Tune into a series of articles on Recruiting and Retaining Unit leaders over the next 3 months
- See Article 1 – Identifying the need for Unit Leaders
- Article 2 – Turning Parents into Helpers
- Article 3 – Show Organization and Set Expectations
Get to Know Your Prospects, Personally.
For key roles like “Den Leader” and “the next Cubmaster”, if you ask a group for volunteers, each individual may think “not me”. They may think that you meant to ask “somebody else” – so when you ask, also ask each individual (who could do the job) one on one for something they can do.
- When you do ask personally, it’s easier to find the right role for the parent.
- It’s harder for the parent to say “no”, because if you’re in a one on one talk, you can find something for the parent to help with.
- For key jobs, ask “two on one” or more:
- As you confirm your engaged leaders, have more than one of you target your next key prospective leaders to “join the team” because “we need you”.
- Eventually your team of one or two can become a team of ten or twenty.
Stay Successful: Use Succession Planning.
You don’t want to look back at your Pack and say, “too bad they folded”. One way to make sure they don’t fold is to ease people into roles using active succession planning. But start early so that you can ensure that your successors succeed.
- This can be a great way to get the reluctant volunteer to step up. If they say “well, I’d like to, but I really don’t know enough now”, you can let that person “shadow” a leader for a year (or for half a year) as an assistant before taking over the role.
- And if you make this “the norm” – and everyone knows that “someone comes after me” – it can be easier to get people to volunteer.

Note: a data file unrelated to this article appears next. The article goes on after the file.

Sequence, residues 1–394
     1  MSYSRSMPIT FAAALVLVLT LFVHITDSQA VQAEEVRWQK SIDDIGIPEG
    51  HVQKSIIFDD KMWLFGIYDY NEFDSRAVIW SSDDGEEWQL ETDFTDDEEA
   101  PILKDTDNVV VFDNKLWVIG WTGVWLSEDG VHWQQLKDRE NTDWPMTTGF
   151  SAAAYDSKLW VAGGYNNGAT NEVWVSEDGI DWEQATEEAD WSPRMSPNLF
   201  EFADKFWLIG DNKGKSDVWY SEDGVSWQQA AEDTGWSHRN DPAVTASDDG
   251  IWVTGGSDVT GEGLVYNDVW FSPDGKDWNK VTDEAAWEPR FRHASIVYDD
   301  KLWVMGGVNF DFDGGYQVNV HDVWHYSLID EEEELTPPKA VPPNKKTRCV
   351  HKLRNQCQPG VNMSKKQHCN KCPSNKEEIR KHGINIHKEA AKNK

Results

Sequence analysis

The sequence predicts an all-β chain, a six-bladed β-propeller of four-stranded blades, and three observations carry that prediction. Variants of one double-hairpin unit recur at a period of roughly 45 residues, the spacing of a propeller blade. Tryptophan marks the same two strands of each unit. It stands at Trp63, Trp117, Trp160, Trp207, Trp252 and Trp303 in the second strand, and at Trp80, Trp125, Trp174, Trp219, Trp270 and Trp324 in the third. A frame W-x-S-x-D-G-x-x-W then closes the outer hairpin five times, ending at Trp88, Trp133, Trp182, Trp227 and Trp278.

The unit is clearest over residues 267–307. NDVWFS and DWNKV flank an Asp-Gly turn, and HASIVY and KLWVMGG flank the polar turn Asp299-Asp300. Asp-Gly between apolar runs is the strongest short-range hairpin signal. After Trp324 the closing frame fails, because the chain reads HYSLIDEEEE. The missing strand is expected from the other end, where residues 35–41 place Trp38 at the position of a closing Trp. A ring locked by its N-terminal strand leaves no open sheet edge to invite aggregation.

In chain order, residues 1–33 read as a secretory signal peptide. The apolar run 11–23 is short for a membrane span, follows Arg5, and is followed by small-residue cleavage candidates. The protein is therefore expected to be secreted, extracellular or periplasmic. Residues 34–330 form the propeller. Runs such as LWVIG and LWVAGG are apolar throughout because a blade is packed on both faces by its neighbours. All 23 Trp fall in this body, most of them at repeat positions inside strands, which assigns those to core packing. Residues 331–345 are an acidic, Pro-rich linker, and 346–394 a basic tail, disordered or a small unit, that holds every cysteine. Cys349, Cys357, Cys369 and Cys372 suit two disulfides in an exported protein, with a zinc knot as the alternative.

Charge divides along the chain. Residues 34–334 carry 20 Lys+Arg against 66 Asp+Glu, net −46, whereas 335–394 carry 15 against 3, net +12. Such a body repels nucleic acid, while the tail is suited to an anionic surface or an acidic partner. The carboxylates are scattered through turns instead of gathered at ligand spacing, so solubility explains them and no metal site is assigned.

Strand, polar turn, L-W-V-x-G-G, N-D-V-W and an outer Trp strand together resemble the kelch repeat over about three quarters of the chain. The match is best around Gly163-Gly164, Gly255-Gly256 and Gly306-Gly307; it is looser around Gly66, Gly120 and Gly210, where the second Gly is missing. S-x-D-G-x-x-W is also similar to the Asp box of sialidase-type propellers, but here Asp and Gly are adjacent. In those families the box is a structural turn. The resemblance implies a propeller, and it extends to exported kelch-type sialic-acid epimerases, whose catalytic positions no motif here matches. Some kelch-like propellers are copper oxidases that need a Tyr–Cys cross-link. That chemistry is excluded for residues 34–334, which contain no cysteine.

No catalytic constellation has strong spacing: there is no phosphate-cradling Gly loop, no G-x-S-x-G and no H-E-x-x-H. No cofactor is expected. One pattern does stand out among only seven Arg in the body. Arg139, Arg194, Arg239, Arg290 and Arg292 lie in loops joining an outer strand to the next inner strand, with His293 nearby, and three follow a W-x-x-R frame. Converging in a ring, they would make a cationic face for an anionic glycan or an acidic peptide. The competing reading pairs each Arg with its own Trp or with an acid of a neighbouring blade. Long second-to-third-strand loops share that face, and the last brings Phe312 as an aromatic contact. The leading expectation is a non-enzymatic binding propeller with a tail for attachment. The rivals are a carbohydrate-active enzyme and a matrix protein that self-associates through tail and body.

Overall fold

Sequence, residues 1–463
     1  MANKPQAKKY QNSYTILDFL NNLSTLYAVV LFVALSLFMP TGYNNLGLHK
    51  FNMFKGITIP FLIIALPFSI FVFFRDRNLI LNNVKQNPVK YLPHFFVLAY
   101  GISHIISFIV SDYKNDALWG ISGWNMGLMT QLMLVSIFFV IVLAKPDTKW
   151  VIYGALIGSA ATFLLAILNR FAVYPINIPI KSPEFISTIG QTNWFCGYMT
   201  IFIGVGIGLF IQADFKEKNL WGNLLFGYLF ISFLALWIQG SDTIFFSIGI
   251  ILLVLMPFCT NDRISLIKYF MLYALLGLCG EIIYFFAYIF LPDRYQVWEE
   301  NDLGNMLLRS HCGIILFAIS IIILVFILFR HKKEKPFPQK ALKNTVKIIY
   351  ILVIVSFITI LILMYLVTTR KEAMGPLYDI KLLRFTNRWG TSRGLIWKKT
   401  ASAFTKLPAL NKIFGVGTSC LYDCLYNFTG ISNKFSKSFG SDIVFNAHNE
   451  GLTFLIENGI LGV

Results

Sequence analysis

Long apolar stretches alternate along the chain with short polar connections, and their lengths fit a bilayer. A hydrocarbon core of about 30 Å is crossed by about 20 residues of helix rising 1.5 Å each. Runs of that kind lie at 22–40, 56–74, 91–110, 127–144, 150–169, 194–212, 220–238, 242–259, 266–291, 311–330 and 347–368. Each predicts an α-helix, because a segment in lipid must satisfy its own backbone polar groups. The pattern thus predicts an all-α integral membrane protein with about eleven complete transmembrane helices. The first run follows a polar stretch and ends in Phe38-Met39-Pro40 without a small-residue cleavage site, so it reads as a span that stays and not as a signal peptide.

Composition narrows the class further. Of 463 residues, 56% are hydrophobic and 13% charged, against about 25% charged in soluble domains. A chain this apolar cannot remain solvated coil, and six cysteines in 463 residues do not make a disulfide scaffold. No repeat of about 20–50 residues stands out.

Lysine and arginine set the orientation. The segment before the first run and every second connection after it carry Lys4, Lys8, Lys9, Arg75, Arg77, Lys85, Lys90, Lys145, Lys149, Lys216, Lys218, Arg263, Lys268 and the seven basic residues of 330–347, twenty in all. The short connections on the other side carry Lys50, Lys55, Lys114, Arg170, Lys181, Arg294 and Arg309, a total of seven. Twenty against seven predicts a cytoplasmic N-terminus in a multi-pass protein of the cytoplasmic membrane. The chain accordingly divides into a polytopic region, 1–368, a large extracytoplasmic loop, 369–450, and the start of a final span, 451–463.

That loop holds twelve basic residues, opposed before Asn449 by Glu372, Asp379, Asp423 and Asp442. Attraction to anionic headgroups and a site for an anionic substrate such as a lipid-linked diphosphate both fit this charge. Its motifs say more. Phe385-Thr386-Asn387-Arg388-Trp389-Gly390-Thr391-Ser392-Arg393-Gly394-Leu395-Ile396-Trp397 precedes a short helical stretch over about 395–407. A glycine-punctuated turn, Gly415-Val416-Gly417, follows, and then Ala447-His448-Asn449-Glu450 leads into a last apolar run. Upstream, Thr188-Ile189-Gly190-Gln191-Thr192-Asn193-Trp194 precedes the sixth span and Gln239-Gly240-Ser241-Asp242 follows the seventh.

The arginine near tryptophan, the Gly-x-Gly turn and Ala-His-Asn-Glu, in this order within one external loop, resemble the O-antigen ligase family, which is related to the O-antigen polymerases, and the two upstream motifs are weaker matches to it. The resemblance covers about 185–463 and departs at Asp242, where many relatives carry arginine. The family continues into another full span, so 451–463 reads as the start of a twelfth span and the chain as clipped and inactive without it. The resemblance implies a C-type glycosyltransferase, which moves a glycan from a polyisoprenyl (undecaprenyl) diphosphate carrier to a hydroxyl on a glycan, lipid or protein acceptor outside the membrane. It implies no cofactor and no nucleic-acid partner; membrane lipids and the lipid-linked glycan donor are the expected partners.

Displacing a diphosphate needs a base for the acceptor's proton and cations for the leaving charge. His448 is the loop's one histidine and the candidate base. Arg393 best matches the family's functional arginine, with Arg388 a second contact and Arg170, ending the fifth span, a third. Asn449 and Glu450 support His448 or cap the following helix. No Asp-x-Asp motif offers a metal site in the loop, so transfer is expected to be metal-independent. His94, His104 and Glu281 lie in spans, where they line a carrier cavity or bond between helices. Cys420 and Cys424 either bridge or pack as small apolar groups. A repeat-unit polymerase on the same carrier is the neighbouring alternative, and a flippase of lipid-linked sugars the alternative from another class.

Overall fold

- Remember that parents of your fifth grade Webelos Scouts are “short-timers” and most (maybe all) will “check out” by crossover in winter or early spring.
- If any of them have Pack roles, you’re going to need their successors right away to get up to speed.
- You’re actually much better off having them step back “just to assist” the new person, so that the new person really “owns” the job, but has active help for that first part of the program year.
- For more ideas, see this Bobwhite Blather Blog and this Bryan on Scouting Blog on Succession Planning.
Be helpful, friendly, courteous and kind with your parents: let them “do their best” and join you
The Importance of Patience.
If you are a committed leader you have to be patient as you recruit helpers and develop leaders from the parent ranks.
- That means some things won’t be done as well as you might do them.
- But if you want to develop parents into helpers, and helpers into leaders, there will be struggles on the way – but that’s how these new leaders will learn.
- When you do grow, and let a new den leader lead a den, the goal shouldn’t be just “do it like I did it”, but let that parent do it using their strengths and resources.
- If you are a friend and counselor and enable the parent to be successful in their own way, you’re helping that den and family succeed in Cub Scouting.
- If you put too many limits on the parent, and hold them back, they are not going to be happy helping.
- So have patience and be helpful, friendly, courteous and kind to all your parents and let them “do their best”.
|50 Ways to Lure a Leader | Word Document||Download|
|Den Leader Recruiting Scripts||Download|
|Fifty Ways to Lure a Leader | PPT Presentation||Download|
|Motivating Parents | PPT Presentation||Download|
|Yardstick Timeline Pack Family Recruiting Script||Download|